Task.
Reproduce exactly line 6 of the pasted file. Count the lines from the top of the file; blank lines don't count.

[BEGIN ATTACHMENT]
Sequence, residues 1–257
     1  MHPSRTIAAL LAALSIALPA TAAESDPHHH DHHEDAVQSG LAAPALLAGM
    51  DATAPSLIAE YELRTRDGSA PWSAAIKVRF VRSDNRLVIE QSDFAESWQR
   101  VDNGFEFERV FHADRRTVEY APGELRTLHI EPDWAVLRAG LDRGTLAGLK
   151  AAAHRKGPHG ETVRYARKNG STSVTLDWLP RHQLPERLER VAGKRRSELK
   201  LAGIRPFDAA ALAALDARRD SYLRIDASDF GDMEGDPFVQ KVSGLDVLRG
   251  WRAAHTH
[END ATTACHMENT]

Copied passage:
   201  LAGIRPFDAA ALAALDARRD SYLRIDASDF GDMEGDPFVQ KVSGLDVLRG